PARIS—On the second day of his working visit to France, Nagorno-Karabakh Republic President Bako Sahakian met with members of the parliament at France’s National Assembly and delivered a speech at the French Institute of International Affairs and Strategic Studies, reported the presidential press service.
Sahakian praised the French National Assembly for developing and strengthening friendly relations between the two countries, emphasizing the important political and humanitarian implications.
He also thanks France-Armenia Parliamentary Friendship Group and its chairman, Francois Rochebloine, for the objective presentation of the Karabakh issue in parliament, continuously keeping Europe informed about Artsakh and consistent efforts toward the recognition of the Armenian Genocide.
The Karabakh president briefed members of parliament on the current situation in Karabakh, touching on issues of importance to domestic and foreign policy of the republic and discussed development of bi-lateral relations.
In his speech at the French Institute of International Affairs and Strategic Studies, Sahakian focused on key issues related to the Nagorno-Karabakh conflict resolution process, including Artsakh’s readiness to ward off military attacks and the need for the international recognition of the Nagorno-Karabakh Republic.
During the conference entitled, “17 Years After the 1994 ceasefire: What has Nagorno Karabakh achieved today?,” Sahakian presented an historical overview of Karabakh and the centuries old role it has played in Armenian history.
He outlined that the Karabakh question began in 1918 when a state named Azerbaijan, which never existed before, was created in the Caucasus with the immediate involvement of the Ottoman Turkey. Sahakian explained that since the very first moment of its creation, Azerbaijan placed territorial claims before its neighbors, with the distinct aim of sharing a border with Ottoman Turkey, in line with the Pan-Turkic policies of Ottoman leaders.
In discussing the conflict resolution process, Sahakian reiterated Stepanakert’s assertion for a peaceful settlement of through direct dialogue with Azerbaijan. He stressed that any effort to weaken the independence of the Nagorno-Karabakh Republic or threaten its national security would be met with the proper response, adding that Karabakh was ready to defend its independence.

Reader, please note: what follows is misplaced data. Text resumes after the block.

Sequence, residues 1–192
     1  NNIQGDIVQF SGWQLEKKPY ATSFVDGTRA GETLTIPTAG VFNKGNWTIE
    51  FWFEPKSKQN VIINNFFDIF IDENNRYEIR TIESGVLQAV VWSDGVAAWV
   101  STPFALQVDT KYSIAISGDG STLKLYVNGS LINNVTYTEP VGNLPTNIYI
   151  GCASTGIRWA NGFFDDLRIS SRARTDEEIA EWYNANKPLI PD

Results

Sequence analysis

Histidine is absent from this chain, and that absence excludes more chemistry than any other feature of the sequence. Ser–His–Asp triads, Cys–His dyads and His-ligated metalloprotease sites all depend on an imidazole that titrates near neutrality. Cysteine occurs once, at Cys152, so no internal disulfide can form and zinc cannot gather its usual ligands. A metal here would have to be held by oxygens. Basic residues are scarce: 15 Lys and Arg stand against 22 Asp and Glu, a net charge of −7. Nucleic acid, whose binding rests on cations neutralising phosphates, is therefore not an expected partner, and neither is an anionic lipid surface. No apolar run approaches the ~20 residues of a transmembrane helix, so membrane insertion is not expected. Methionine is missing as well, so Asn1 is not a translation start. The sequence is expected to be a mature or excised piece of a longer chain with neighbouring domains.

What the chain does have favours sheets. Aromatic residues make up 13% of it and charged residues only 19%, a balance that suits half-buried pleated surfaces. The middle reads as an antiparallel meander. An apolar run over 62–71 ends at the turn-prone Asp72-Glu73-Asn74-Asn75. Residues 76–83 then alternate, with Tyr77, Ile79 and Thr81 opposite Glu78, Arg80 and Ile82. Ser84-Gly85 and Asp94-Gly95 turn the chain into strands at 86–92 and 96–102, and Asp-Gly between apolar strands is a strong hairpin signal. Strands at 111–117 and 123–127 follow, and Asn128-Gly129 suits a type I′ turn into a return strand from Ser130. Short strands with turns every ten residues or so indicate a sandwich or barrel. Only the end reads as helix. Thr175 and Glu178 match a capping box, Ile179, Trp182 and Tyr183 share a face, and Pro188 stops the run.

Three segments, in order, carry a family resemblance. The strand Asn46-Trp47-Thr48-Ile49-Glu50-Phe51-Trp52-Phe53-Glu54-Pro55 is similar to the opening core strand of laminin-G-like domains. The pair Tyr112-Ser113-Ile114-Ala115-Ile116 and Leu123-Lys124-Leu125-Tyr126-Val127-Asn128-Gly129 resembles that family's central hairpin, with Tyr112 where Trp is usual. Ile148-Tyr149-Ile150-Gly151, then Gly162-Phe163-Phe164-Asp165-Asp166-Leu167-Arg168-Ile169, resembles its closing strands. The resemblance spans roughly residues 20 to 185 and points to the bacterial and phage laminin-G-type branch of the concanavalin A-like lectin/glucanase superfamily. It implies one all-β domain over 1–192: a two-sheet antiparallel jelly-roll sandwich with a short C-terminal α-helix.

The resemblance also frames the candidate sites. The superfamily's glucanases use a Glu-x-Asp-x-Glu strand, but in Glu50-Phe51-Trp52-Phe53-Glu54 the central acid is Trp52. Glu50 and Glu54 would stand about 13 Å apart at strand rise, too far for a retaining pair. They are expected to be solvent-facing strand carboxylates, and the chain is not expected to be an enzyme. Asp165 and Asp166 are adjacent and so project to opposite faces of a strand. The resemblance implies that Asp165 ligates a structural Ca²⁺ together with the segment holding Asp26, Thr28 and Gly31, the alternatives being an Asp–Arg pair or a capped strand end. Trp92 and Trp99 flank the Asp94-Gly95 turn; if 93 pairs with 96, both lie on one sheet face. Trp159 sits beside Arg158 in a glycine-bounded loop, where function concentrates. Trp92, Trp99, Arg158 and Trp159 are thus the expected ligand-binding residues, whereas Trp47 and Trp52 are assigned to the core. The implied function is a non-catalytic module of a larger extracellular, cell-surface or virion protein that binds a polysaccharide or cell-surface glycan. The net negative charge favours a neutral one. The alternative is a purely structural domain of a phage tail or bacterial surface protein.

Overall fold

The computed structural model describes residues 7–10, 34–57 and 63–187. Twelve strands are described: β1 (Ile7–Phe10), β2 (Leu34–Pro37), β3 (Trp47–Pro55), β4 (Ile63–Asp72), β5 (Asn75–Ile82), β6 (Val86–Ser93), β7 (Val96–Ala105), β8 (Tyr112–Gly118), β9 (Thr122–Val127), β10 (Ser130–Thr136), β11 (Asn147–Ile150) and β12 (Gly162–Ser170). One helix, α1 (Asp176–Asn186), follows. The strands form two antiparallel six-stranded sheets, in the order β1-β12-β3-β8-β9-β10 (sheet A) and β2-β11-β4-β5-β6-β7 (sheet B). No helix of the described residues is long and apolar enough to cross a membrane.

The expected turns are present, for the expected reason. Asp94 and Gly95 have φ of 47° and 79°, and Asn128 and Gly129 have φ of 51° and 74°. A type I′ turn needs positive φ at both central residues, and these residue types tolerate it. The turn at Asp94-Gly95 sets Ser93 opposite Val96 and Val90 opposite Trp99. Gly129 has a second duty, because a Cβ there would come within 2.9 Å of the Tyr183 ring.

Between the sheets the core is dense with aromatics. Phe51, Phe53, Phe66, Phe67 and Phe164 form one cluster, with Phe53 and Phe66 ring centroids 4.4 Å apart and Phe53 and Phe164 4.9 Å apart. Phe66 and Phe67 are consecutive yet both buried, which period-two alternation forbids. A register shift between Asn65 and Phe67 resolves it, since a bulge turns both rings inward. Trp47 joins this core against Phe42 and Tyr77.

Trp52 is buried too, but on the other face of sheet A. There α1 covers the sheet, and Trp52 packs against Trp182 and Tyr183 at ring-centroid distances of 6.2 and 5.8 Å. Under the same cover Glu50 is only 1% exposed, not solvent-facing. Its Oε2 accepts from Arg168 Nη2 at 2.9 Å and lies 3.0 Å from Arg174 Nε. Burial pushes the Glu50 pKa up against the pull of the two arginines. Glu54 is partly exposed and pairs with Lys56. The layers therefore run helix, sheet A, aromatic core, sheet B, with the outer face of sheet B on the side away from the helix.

Sahakian called Azerbaijan’s provocations and bellicose statements that include threats of war, as the only obstacle to the peace process.
He underscored that the independent Karabakh was state was established on the principles of sovereignty, right to self-determination and democracy, completely corresponding to the international laws and norms.
Sahakian explained that the international recognition of the Nagorno-Karabakh Republic could be deemed interrelated with the peace process, but can also viewed as separate processes.
He outlined that while some say that Karabakh will be recognized following the peace resolution, an argument can be made that peaceful resolution to the conflict can be derived with full international recognition.
Sahakian cited the examples of Kosovo, Abkhazia, South Ossetia, and, most recently South Sudan as examples of instances where international recognition brought immediate resolution to conflicts.
He said that the Nagorno-Karabakh Republic deserved to be a full and equal member fo the international community from political, legal and moral standpoints.
“During the two decades of its existence, the Nagorno-Karabakh Republic has succeeded in building a democratic, steadily-developing country threatening no one. Such a state cannot be denied international recognition,” concluded President Sahakian.